This morning Gene opened the gate and let him wander into the “big boy” pen where the other bulls are resting and putting on weight before they are turned out to the cows and heifers in a few weeks to begin the intense breeding season.


He ambered out to pasture as the other bulls came running to check out the new intruder.


Within seconds, all mayhem broke loose.  Big Boy Angus stumped his feet and pawled the ground throwing dust high in the air while lowering his voice 3 octaves as if to say, “who do you think you are, I am King Tut here” as he stormed out to alert the other bulls who were quietly resting under the trees about the “young squirt” who had just entered their domain.


The bulls/steers in the feedlot pen beside the bull pen went absolutely berserk.  Radar was more concerned with them then he was the bulls and became very vocal as he expressed his manhood. We sure were glad there was a very hot electric fence in between but held our breath it would suffice.  (You can see the action in the video at the end).


Forget Radar…the bulls barely acknowledged his presence in the field. Instead, they instantly went after each other; bullying, dualing it out, heads locked together, their testosterone raging!




The white-faced bull is a home-grown offspring of “Big Red”.


While the big boys dualed it out, Radar wandered around checking out the turf before finally getting into the tussle.

Radar was born September 19, 2014 in Goochland, VA.  We thought it was neat that he got to come back east to make his home 30 miles from where he was born and raise.

Click on the link below to watch a video of the bulls in action.


Follow up note: The next morning all was peace and calm in the bull pen. Maybe they simply worn themselves out or else they figured out their status quo…. at least for this moment!


Recycling Plastic Bags = Mats for the Homeless

Plastic Bag

Would you like to do something useful with the stash of plastic bags you carry home from the grocery store, Wal-Mart, Target and many other places besides stuffing them into drawers or putting them in the trash and filling up landfills?  I have a very useful and creative idea for you.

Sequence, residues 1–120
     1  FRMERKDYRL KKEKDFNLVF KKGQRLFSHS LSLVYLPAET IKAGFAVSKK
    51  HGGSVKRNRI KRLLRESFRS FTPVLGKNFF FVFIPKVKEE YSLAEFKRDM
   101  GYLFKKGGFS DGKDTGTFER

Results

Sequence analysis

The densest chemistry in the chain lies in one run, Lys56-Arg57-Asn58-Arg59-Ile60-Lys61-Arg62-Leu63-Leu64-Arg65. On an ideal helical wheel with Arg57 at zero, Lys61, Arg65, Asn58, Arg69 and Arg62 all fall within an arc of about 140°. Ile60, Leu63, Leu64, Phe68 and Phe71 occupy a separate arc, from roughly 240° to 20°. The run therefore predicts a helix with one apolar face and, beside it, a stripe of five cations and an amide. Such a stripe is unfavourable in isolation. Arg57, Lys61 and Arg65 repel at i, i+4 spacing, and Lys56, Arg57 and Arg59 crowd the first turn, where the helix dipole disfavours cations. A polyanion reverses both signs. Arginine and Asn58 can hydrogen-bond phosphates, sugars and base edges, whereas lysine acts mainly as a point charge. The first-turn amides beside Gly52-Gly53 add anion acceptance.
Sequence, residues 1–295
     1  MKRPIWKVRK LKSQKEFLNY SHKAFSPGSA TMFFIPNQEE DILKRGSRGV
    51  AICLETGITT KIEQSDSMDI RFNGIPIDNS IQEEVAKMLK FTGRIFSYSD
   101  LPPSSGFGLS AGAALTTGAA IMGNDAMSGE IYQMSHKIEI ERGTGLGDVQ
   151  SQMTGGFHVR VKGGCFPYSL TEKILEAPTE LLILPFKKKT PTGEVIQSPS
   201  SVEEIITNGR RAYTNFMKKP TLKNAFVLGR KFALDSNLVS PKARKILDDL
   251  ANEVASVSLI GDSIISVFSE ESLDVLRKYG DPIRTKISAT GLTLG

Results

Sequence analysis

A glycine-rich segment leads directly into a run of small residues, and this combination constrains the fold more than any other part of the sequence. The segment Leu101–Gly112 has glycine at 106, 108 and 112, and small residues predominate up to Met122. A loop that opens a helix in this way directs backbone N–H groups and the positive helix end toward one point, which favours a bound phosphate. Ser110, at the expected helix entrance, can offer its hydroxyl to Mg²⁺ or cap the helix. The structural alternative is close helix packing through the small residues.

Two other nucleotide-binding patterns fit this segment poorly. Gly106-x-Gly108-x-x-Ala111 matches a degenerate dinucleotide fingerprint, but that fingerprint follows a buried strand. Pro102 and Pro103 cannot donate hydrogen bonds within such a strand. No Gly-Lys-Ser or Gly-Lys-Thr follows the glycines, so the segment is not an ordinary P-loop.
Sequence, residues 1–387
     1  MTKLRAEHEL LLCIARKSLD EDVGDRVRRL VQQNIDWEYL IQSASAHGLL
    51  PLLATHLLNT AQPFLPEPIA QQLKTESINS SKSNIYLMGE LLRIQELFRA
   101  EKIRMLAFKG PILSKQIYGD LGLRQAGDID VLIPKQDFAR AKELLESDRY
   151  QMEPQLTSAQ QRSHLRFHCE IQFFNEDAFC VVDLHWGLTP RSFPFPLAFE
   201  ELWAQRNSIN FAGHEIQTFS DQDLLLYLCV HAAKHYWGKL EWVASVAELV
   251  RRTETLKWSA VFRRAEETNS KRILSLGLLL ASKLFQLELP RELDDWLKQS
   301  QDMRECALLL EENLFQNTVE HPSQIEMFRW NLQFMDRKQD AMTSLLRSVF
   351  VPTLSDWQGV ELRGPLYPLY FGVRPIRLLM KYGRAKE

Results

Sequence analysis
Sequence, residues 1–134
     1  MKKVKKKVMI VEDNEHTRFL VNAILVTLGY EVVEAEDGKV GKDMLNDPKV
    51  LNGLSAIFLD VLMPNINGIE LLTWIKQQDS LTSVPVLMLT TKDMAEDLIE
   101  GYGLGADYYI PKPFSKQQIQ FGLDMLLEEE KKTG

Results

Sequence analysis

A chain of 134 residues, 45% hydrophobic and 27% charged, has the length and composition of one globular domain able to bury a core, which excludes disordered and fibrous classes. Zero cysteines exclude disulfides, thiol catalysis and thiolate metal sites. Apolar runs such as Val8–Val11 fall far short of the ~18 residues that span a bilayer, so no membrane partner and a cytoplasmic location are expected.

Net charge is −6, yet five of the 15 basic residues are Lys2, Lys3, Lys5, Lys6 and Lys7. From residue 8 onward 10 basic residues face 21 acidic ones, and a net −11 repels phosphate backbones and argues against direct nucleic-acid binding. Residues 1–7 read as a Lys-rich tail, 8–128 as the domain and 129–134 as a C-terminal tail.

Wanda Starke and plastic mat

Several of the ladies at our church are crocheting plastic mats for the homeless to use as a moisture/warmth /comfort barrier between the ground and their sleeping bags.  It can make the difference between life and death for these folks. And yes, it is made out of plastic bags. It is amazing how soft and durable they are, plus they are washable.  Each mat takes approximately 375 bags-depending on the size of bags.

You can use any lightweight plastic bags including the yellow bag they stuff your newspaper in on rainy days.  The short video clip below shows how to cut the bags and join them together into a long yarn.  Our ladies use size “N” to “P” crochet hooks.  With the “P” hook you start with a chain of 40 stitches across and make it 6′ long.


A completed mat, ready to be delivered.


If you are interested in crocheting mats, you can google “plastic bag crochet” and find numerous websites that tell you how. Here is one:



You Can’t Believe Everything You Read

This picture and information periodically makes it way around social media. It is full of totally false and misleading information. Let me tell you why….

False Info on Calf Hutches

This is not a veal or beef operation. Veal is not raised this way and beef calves are raised by their moms. This is a very large dairy operation.  The person who took the picture took it from the back instead of the front.  Let me tell you about the hutches….